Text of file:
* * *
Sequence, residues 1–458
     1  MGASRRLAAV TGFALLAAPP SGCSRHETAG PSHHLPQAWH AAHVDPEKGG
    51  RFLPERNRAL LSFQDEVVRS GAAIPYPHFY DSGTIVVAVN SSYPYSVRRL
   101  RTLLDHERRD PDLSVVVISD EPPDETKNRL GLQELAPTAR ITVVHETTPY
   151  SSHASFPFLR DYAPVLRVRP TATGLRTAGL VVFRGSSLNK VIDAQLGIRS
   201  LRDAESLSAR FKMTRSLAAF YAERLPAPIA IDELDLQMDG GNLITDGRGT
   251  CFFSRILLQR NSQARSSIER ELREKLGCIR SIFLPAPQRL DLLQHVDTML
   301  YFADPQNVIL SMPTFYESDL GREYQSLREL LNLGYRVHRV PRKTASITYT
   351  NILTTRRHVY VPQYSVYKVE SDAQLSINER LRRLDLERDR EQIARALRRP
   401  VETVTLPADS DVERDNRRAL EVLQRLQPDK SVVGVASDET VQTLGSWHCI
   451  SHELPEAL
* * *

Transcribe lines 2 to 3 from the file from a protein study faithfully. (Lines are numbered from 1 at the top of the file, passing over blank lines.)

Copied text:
     1  MGASRRLAAV TGFALLAAPP SGCSRHETAG PSHHLPQAWH AAHVDPEKGG
    51  RFLPERNRAL LSFQDEVVRS GAAIPYPHFY DSGTIVVAVN SSYPYSVRRL